Two ex-Halifax special constables acquitted of criminal negligence in 2016 death

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Corey Rogers, 41, died in June 2016 while in Halifax Regional Police custody.  (CBC - image credit)
Corey Rogers, 41, died in June 2016 while in Halifax Regional Police custody. (CBC - image credit)

Two former special constables with Halifax Regional Police have been acquitted during a retrial after the pair was initially convicted of criminal negligence causing death in the case of Corey Rogers, a man who died in a police station cell in 2016.

Justice James Chipman of the Nova Scotia Supreme Court read his decision Thursday, saying though Rogers's death was "sad and tragic," it did not come as a result of criminal negligence on the part of Dan Fraser and Cheryl Gardner, despite missteps made by both of the booking officers.

"Undoubtedly, both accused persons exhibited imperfect behaviour and at times demonstrated poor judgment. With the benefit of hindsight, we now know that Mr. Rogers ought to have received prompt medical attention," Chipman said. "These actions may have saved Mr. Rogers's life."

"Nevertheless, the fact that the accused did not enter the cell, remove the spit hood and get Mr. Rogers required medical attention, does not in these circumstances equate with guilt of the criminal charge," he concluded, adding he felt the actions of Fraser and Gardner did not amount to a "marked departure" from the standard of care to be given by booking officers.

Special constables in Nova Scotia are not police officers. They are civilians appointed to specialized duties, including the booking of prisoners.

The pair was previously found guilty in November 2019 of the criminal charge of negligence following a two-week trial and three days of deliberation by a Halifax jury.

Arrested for public intoxication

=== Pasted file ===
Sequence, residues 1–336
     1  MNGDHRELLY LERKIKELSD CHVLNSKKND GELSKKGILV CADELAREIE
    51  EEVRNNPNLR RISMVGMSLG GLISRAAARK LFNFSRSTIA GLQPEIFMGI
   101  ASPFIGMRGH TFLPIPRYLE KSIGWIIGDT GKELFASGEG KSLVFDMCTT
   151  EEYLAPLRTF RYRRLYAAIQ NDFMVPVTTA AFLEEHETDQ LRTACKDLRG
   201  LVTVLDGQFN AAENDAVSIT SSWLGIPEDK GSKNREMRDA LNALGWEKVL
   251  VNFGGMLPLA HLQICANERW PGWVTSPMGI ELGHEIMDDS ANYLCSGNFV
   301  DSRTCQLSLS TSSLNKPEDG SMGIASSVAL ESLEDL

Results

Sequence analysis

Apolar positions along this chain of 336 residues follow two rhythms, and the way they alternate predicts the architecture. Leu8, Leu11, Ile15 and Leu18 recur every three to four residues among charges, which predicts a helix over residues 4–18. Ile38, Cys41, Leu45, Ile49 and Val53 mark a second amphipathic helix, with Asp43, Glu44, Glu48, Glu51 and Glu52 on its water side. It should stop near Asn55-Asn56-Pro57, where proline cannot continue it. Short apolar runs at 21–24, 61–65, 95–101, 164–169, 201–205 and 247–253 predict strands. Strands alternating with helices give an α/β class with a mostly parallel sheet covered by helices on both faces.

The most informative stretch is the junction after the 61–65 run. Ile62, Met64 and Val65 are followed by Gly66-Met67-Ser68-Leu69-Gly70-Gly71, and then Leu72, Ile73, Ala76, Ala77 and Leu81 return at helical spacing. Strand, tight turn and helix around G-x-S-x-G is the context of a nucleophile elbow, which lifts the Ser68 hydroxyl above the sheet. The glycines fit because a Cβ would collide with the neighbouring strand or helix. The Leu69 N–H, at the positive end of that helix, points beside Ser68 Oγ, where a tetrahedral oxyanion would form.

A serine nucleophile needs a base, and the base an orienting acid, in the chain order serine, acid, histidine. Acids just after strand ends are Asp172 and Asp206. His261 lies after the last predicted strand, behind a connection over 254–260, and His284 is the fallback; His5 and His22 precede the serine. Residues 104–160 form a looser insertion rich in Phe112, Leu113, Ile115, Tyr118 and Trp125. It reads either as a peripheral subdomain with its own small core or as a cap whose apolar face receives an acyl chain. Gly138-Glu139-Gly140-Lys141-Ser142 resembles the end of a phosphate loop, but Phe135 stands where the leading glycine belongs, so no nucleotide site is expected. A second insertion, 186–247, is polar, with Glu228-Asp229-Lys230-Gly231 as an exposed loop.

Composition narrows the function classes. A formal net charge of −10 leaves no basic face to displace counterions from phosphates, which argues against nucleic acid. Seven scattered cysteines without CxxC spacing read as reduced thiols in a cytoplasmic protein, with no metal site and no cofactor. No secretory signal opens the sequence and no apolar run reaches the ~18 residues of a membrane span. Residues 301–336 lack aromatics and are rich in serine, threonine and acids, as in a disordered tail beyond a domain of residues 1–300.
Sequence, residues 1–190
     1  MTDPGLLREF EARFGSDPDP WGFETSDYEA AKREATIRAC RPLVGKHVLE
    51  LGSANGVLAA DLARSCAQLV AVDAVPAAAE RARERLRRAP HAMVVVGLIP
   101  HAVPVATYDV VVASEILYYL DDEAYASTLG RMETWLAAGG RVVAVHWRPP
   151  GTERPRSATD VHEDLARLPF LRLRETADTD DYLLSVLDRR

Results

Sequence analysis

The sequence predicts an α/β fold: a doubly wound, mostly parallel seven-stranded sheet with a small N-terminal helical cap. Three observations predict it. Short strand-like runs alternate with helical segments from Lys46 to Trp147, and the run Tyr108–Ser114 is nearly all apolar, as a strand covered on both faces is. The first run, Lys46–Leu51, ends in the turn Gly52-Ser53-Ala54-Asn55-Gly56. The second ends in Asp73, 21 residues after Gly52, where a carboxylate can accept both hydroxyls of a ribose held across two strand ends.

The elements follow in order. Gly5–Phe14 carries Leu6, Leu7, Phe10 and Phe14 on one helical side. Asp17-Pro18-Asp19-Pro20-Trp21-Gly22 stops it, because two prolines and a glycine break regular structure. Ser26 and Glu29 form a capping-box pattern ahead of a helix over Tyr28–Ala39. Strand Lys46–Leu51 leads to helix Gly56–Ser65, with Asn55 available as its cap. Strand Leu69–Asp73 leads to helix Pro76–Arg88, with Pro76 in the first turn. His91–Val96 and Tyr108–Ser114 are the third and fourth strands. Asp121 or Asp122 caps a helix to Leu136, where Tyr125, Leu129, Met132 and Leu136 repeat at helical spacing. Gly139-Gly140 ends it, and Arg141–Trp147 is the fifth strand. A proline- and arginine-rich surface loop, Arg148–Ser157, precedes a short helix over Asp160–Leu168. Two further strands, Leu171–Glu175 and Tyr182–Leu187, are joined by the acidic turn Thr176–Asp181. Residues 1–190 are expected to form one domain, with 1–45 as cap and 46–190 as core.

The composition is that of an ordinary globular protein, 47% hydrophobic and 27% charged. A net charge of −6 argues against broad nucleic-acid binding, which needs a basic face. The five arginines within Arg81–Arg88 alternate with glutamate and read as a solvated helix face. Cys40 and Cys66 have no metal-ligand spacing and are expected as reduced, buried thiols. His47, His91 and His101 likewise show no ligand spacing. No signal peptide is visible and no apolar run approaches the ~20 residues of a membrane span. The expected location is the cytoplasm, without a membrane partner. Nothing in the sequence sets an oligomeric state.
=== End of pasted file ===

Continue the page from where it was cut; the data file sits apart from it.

Rogers, who was 41 when he died, was arrested for public intoxication the night of June 15, 2016, and was brought to a jail cell at police headquarters to sleep it off. The jury heard that during the drive to the station, Rogers spat on the arresting officers, so they placed a spit hood on him.

The spit hood was not removed, and Rogers died of asphyxiation, choking on his own vomit in the jail cell.

During the initial trial, Gardner and Fraser testified they never received training on the use of spit hoods and lacked the resources in the booking area to carry out the requirement to rouse an intoxicated person every 15 minutes to make sure they are OK. But the Crown argued the pair failed to fulfil their duty of care to Rogers and entered cell checks into a logbook that never happened.

Chipman found, however, based on the expert evidence, Rogers had already died before the first false check, absolving Fraser for the false reporting.

The retrial was first ordered by the Nova Scotia Court of Appeal in early 2021 after three judges ruled in favour of the defendants, whose lawyers argued Justice Kevin Coady of the province's Supreme Court erred in his instructions to a jury.

Lawyers Ron Pizzo and David Bright argued the trial judge should have instructed jurors to consider what the "standard of care" was for booking officers regarding issues such as when to remove a spit hood. Pizzo and Bright said this was central to the case, considering evidence the officers didn't have proper training in the potential dangers of spits hoods.

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